I got started, and through the first verse. Then, on the second verse I stopped. The words were gone. My memory was white, like old bone.

I stood there for a long minute. And then another one, while the giggles started in the audience. My friend Jeanine from our street was in grade 8. I found her with my eyes and she wasn’t giggling. I heard a voice, inner or maybe from backstage, telling me to start again.

I did and got through it. And that was all. It was over.

After that I didn’t want to perform for a long time at least not as a solo artist. I played in the band in highschool, 2nd clarinet, in the back of the crowd. I loved drama class but didn’t do school plays. It’s still something I feel very unsure about, drawn to, sometimes with longing, but mostly I hear a NO, not for me.

Except. I’m noticing there’s more exceptions as I get older. Some things that felt like performing 20 years ago, like leading a workshop, just feels like sharing with friends now. Or playing at being a rock star, like at ladies rock camp. It can take a while for nerves to heal up I guess.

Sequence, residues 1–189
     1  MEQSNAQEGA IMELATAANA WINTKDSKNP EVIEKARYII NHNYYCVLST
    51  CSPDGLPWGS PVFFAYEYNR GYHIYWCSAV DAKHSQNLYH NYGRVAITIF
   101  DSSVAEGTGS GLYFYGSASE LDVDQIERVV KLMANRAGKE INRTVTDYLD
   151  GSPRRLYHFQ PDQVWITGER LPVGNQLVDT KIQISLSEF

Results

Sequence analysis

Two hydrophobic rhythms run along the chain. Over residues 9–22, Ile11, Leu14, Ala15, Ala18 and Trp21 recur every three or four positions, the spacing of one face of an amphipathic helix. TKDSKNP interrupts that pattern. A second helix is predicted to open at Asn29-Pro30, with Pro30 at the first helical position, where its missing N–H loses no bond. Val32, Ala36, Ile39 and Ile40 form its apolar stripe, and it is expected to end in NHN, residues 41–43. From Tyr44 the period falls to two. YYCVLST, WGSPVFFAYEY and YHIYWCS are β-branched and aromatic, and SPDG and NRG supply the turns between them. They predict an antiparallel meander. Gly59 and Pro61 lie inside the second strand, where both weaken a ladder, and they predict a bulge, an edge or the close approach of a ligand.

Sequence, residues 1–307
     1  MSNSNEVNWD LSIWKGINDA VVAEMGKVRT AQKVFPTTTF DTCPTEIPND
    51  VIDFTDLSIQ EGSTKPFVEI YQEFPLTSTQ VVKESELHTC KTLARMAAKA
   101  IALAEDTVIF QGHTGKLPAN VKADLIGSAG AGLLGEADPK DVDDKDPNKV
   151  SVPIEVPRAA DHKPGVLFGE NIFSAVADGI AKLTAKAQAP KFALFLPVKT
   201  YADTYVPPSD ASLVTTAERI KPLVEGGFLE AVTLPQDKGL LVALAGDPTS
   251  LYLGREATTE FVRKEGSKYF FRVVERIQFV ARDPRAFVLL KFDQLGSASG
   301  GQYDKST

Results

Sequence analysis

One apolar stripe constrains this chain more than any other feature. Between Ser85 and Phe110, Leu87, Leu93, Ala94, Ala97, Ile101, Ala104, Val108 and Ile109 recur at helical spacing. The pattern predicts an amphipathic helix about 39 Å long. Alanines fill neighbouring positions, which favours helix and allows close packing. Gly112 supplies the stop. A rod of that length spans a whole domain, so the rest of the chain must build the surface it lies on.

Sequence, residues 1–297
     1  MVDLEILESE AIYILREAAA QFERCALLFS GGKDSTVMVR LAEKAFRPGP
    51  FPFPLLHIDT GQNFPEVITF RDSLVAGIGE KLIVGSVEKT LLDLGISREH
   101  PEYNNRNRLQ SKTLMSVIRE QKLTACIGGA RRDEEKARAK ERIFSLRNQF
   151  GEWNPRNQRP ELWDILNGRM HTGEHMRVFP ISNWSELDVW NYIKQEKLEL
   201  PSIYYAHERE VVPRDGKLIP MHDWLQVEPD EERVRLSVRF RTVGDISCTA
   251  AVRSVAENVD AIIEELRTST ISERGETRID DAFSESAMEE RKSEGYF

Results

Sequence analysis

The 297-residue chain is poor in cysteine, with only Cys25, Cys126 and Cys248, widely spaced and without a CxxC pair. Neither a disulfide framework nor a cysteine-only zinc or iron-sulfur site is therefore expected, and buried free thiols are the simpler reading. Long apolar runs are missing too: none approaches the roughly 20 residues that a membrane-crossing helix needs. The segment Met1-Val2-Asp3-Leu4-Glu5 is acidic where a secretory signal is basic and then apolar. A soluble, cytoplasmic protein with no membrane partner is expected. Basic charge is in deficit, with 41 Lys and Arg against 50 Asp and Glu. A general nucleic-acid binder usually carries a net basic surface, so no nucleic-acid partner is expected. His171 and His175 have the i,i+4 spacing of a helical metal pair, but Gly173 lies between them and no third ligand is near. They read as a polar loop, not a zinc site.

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Sustainable non-coercion

There is rising energy for a democratic, non-coercive, project-based educational model at Garibaldi school. I’m super excited about this. Granted I could get super-excited about a small school version of either French or Mandarin Immersion or a Fine arts program. Of course, Harry can’t see the point of school at all if it’s in English. “I already KNOW English.” Jeesh mom.

But I want to be part of a school community that recognizes the basic fact about kids: they’re learning machines. We don’t have to coerce them into learning, we need to rise to the occasion and invite their attention with compelling projects and problems to solve.